The TopHat experiment: A balloon-borne instrument for mapping millimeter and submillimeter emission

Research output: Contribution to journalJournal article – Annual report year: 2005Researchpeer-review


  • Author: Silverberg, R. F.

  • Author: Cheng, E. S.

  • Author: Aguirre, J.E.

  • Author: Bezaire, J.J.

  • Author: Crawford, T.M.

  • Author: Meyer, S.S.

  • Author: Bier, A.

  • Author: Campano, B.

  • Author: Chen, T.C.

  • Author: Cottingham, D. A.

  • Author: Sharp, E.H.

  • Author: Christensen, P. R.

  • Author: Cordone, S.

  • Author: Timbie, P. T.

  • Author: Dame, R.E.

  • Author: Fixsen, D. J.

  • Author: Kristensen, R.J.K.

  • Author: Nørgaard-Nielsen, Hans Ulrik

    Astrophysics, National Space Institute, Technical University of Denmark, Elektrovej, 2800, Kgs. Lyngby, Denmark

  • Author: Wilson, G. W.

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The TopHat experiment was designed to measure the anisotropy in the cosmic microwave background radiation on angular scales from 0.degrees 3 to 30 degrees and the thermal emission from both Galactic and extragalactic dust. The balloon-borne instrument had five spectral bands spanning frequencies from 175 to 630 GHz. The telescope was a compact, 1 m, on-axis Cassegrain telescope designed to scan the sky at a fixed elevation of 78 degrees. The radiometer used cryogenic bolometers coupled to a single feed horn via a dichroic filter system. The observing strategy was intended to efficiently cover a region 48 degrees in diameter centered on the south polar cap with a highly cross-linked and redundant pattern with nearly uniform sky coverage. The Long Duration Balloon flight over Antarctica in 2001 January surveyed about 6% of the sky. Here we describe the design of the instrument and the achieved in-flight performance and provide a brief discussion of the data analysis.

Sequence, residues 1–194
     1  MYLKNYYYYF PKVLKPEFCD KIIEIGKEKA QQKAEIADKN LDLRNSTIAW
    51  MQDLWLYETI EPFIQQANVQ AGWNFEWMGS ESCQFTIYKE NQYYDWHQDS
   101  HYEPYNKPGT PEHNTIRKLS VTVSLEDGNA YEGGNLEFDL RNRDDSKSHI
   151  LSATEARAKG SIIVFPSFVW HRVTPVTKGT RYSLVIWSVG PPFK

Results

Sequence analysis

Original languageEnglish
JournalAstrophysical Journal Supplement Series
Issue number1
Pages (from-to)59-75
Publication statusPublished - 2005

    Research areas

  • cosmic microwave background, cosmology : observations, galaxies : general, balloons
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